The New York Times sued OpenAI and Microsoft for copyright infringement on Wednesday. The move by one of the most prominent newspapers is the latest in several cases against GenerativeAI companies for training their AI models on the data acquired without the owner's permission. Training an AI model is a difficult and complex process read this article to learn more about it.
The New York Times claimed to be the "first major American media organisation to sue the companies over copyright issues associated with its written works."
The lawsuit, filed by the New York Times in Federal District Court in Manhattan, contends that millions of articles published by The New York Times were used to train automated chatbots that now compete with the news outlet as a source of reliable information.
The lawsuit filed by the New York Times does not include any amount written in it, as the newspaper claimed. It also added that the defendants - OpenAI and Microsoft - should be held responsible for "billions of dollars of statutory damages and actual damages." Statutory damages mean the minimum amount the law decides, which the person or company accused would have to pay if proven guilty.
The New York Times seeks money for "unlawful copying and use of The Times’s uniquely valuable works." In the lawsuit, The New York Times also demands the companies to destroy the chatbot models and training data that uses copyrighted material from The NY Times.
In the lawsuit, American Newspaper also claims that it approached Microsoft and OpenAI in April to raise concerns about the use of intellectual property and copyrighted material. The lawsuit claimed that The New York Times wanted to be involved in a commercial agreement for the generative AI products. It also added that the talks did not come to a conclusion.
An OpenAI spokeswoman, Lindsey Held, said in a statement that the company had been “moving forward constructively” in conversations with The Times and that it was “surprised and disappointed” by the lawsuit.
“We respect the rights of content creators and owners and are committed to working with them to ensure they benefit from A.I. technology and new revenue models,” Ms. Held said. “We’re hopeful that we will find a mutually beneficial way to work together, as we are doing with many other publishers.”
Microsoft declined to comment on the case.
This year OpenAI proved to be one of the most successful companies as its generative AI products like ChatGPT helped it to attract billions of dollars of investments including from Microsoft. The New York Times accused OpenAI of using a variety of online texts, newspaper articles, poems and even screenplays to train chatbots.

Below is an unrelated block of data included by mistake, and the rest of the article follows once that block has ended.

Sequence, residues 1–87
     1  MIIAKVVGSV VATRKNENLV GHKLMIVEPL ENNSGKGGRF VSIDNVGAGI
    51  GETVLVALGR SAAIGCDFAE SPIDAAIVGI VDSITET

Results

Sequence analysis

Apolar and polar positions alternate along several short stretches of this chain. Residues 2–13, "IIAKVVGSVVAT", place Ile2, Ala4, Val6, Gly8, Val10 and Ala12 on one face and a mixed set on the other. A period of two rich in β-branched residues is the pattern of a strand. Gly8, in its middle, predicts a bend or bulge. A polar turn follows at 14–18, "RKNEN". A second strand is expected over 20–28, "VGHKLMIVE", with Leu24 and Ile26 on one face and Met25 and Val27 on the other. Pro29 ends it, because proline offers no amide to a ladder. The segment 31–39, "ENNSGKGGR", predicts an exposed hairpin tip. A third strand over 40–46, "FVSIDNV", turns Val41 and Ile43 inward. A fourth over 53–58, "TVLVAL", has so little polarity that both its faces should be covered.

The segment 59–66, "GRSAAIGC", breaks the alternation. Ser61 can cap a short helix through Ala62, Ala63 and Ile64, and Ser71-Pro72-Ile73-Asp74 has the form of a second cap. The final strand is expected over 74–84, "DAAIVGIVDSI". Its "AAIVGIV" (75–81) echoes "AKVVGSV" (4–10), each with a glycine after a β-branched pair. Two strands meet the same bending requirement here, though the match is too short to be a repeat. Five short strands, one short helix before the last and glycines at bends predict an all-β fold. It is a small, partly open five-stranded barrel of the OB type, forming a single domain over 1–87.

OpenAI is now valued by investors at more than $80 billion. Microsoft has committed $13 billion to OpenAI and has incorporated the company’s technology into its Bing search engine.
The lawsuit accused OpenAI of using the content from The New York Times without paying the company.
“Defendants seek to free-ride on The Times’s massive investment in its journalism,” the complaint says, accusing OpenAI and Microsoft of “using The Times’s content without payment to create products that substitute for The Times and steal audiences away from it.”
This year there has been a rise in concerns about AI taking over jobs in creative fields because of its ability to mimic natural language and generate well-written responses to almost every prompt.
Microsoft has previously acknowledged potential copyright concerns over its A.I. products. In September, the company announced that if customers using its A.I. tools were hit with copyright complaints, it would indemnify them and cover the associated legal costs.
The lawsuit also declared ChatGPT and other AI tools as potential competitors in news publishing and as a source of the latest news. The newspaper expresses concern that readers will be satisfied with a response from a chatbot and decline to visit The Times’s website, thus reducing web traffic that can be translated into advertising and subscription revenue.
The complaint cites several examples when a chatbot provided users with near-verbatim excerpts from Times articles that would otherwise require a paid subscription to view. It asserts that OpenAI and Microsoft placed particular emphasis on the use of Times journalism in training their A.I. programs because of the perceived reliability and accuracy of the material.
Several media organisations have struck a deal with OpenAI which allows the tech company to license the news article for the training of its AI models. Some prominent media organisations are The Associated Press and Axel Springer, the owner of Politico and Business Insider.
The lawsuit shows the example of how Bing generates texts which are owned by The Times but do not link to the page from which the text is taken.
The outcome of the lawsuit is very significant as it can result in a law which can properly regulate this everchanging technology.
Copyrighted materials or any original materials are the result of the hard work of one or more people. Their work should respected and if it is used for training purposes, the owners should be paid well.
This case also brings up the fact that training an AI model is way harder than anyone can think. You do not only need to have a technical field but knowledge in various others like law and language for this purpose.
In conclusion, awareness should be spread among the public about this major problem. Legislators should work on formulating bills that encourage fair play in this new and awesome field, and authorities should create new methods to implement them.